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Title:Regulatory mechanisms underlying C3 carbon and nitrogen metabolism under elevated CO2
Author(s):Kannan, Kavya
Director of Research:Marshall-Colón, Amy
Doctoral Committee Chair(s):Marshall-Colón, Amy
Doctoral Committee Member(s):Leakey, Andrew D.B.; Hudson, Matthew; Chen, Li-Qing
Department / Program:Plant Biology
Discipline:Plant Biology
Degree Granting Institution:University of Illinois at Urbana-Champaign
Subject(s):Systems biology, mathematical modeling, transcriptional regulation, plant carbon and nitrogen metabolism, elevated carbon dioxide
Abstract:Rising atmospheric CO2 concentration will affect species-specific responses to carbon (C) gain in plants, in turn impacting plant productivity in natural and agro-ecosystems in the future. Several interacting environmental and genetic factors affect species-specific response to C gain under elevated atmospheric CO2 concentration (eCO2). One of the many challenges faced in understanding these interaction responses is efficiently predicting genotype to phenotype relationships that are also needed to design future crop idiotypes. Hence this thesis aims to partly address this fundamental knowledge gap by using mathematical modeling and systems biology approaches to identify regulatory factors influencing carbon (C) and nitrogen (N) metabolism in C3 plants under eCO2 through inferences made in Soybean and Arabidopsis. This aim is achieved threefold. The first aim involves optimizing protein translation dynamics in C3 plants. It is essential to understand the processes underlying changes in protein abundance in a gene under varying physiological and developmental conditions to model and rationally engineer plants. Several protein translation models have been developed in the past that utilize genome-wide transcriptomic datasets to make predictions on protein levels in eukaryotes. Still, very few have successfully incorporated post-transcriptional and post-translational modifications in making these predictions, especially in plants, owing to the lack of experimental data capturing these mechanisms. Moreover, a large proportion of genes in plants undergo complex regulatory dynamics, some of which are different from other eukaryotes that cause a large discrepancy between mRNA expression and protein levels of individual genes, and this discrepancy changes based on the severity of the stress condition. Hence, to partly address this issue, genome-wide proteome and transcriptome datasets in Arabidopsis are utilized as a benchmark to optimize a protein transition model represented by a non-linear ordinary differential equation. The second aim of this thesis involves multiscale modeling to gain a mechanistic understanding of the regulation of photosynthesis in soybean under eCO2. Multiscale models can predict emergent plant responses to environmental perturbations by mimicking the biological flow of information across scales. Soybean is one of the major sources of plant protein and oil. Specific genotypes of soybean have shown a lower than theoretically anticipated stimulation of photosynthesis under eCO2. It is hypothesized that a guided genetic manipulation could alter the photosynthesis machinery in soybean under eCO2, which might, in turn, affect its productivity under future “C” fertilization conditions as photosynthesis is one of the fundamental processes for sustaining plant growth. Hence, to test this hypothesis, chapter 3 utilizes a multiscale modeling approach that scales from gene expression to organ-level physiology to predict robust transcription factor candidates that might influence soybean photosynthesis under eCO2. The third aim of this thesis involves the investigation of regulatory mechanisms controlling the coordination of C and N metabolism in C3 plants under eCO2. Among the many interacting environmental factors, N availability has been shown to significantly influence the extent of photosynthetic stimulation, photosynthetic acclimation, leaf N status as well as productivity in selected C3 plants under eCO2. Chapter 4 draws inferences from a C-N interaction significant gene regulatory network to predict key transcription factors that could fine-tune the genetic changes in C3 plants to coordinate C and N metabolism under eCO2. Transcription factors thus predicted could provide additional insights on regulatory mechanisms underlying C3 plant quality and productivity in a future “C” fertilization environment.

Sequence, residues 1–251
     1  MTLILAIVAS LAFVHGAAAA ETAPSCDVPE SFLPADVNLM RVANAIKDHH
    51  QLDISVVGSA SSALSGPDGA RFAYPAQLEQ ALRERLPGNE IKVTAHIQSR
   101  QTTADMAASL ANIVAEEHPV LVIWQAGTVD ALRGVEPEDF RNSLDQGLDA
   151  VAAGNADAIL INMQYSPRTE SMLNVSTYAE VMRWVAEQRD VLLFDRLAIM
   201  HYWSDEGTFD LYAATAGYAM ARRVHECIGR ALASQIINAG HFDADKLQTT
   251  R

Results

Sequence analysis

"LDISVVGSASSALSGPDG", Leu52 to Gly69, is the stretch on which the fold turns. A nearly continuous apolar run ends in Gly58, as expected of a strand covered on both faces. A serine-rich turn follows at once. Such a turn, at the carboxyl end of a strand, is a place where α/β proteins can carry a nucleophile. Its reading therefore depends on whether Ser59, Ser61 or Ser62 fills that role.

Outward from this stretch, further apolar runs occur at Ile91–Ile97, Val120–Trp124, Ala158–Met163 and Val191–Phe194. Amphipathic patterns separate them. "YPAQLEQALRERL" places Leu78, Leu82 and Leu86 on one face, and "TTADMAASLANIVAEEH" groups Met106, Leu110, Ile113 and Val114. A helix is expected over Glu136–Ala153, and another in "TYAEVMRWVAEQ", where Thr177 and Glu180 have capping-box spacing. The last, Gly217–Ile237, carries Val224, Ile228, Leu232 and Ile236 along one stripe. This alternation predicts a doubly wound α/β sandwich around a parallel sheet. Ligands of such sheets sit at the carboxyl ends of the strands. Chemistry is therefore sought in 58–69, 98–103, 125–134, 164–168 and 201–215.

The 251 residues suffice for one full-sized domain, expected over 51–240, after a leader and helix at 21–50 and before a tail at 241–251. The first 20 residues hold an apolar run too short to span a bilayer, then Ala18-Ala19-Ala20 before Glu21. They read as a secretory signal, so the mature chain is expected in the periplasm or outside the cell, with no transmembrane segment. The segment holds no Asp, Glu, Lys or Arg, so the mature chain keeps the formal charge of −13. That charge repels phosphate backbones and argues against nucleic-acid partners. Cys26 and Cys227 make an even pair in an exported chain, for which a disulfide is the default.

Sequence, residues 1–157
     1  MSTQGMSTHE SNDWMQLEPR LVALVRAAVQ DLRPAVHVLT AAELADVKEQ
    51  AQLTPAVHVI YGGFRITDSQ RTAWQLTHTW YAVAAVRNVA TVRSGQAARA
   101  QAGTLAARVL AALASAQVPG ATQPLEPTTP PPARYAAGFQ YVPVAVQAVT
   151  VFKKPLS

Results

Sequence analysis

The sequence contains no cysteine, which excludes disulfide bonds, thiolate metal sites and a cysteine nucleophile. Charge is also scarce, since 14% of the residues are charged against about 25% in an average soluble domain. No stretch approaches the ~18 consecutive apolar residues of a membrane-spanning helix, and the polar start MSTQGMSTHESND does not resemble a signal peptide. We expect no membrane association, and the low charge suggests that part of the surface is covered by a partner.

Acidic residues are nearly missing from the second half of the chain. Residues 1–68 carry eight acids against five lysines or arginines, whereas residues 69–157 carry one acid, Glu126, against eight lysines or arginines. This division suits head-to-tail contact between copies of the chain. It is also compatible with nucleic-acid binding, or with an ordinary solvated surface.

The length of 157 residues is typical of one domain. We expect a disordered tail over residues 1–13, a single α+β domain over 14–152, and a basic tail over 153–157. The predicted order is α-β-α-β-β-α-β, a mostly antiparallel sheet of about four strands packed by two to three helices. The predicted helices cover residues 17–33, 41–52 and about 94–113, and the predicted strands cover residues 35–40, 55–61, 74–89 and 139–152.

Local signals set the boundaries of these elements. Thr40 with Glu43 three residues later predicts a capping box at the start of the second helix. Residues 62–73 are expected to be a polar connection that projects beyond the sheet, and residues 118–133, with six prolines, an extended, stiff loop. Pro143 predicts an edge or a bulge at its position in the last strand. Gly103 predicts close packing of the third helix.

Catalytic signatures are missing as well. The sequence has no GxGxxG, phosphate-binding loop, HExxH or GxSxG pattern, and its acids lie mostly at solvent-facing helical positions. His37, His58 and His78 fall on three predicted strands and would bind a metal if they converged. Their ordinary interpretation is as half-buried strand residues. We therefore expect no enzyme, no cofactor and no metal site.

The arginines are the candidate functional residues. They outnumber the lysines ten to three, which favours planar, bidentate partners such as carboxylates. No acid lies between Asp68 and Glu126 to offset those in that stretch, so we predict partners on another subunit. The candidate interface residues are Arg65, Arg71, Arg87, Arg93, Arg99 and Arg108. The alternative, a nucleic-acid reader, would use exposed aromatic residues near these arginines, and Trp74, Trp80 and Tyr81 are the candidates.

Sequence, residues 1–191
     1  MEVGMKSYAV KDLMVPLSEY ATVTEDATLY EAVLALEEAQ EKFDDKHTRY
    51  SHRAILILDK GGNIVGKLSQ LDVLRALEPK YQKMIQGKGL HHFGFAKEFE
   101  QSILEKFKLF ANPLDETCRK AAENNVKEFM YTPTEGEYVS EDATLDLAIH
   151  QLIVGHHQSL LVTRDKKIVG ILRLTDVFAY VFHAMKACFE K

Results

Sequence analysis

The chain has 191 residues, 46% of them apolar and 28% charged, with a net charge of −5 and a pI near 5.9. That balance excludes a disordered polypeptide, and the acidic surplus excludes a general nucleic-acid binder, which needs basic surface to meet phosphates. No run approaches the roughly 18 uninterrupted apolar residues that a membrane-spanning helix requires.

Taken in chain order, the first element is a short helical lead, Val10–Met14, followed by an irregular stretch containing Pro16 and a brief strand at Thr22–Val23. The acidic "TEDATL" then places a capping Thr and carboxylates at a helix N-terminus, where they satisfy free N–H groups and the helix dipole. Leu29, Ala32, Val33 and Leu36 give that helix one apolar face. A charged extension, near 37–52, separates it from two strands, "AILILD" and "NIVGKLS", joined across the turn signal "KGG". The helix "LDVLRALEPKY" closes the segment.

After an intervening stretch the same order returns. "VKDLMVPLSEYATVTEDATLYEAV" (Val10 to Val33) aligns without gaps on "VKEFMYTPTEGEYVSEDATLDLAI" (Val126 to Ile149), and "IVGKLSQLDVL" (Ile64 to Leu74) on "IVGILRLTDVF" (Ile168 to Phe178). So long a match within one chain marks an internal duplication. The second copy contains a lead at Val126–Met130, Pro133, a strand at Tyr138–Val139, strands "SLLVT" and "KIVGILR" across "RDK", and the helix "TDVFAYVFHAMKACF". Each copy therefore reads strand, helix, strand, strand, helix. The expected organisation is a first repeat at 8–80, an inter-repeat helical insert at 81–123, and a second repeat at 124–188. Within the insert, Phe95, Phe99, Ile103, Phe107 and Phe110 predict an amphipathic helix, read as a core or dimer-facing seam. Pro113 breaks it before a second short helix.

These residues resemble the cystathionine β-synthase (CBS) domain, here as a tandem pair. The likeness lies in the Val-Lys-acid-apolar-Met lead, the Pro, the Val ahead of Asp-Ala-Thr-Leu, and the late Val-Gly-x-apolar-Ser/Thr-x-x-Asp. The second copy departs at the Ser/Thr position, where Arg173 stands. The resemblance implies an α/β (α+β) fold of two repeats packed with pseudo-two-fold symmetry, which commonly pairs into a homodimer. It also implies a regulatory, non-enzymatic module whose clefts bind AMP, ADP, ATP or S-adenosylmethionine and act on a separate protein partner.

Issue Date:2020-05-03
Rights Information:Copyright 2020 Kavya Kannan
Date Available in IDEALS:2020-08-27
Date Deposited:2020-05

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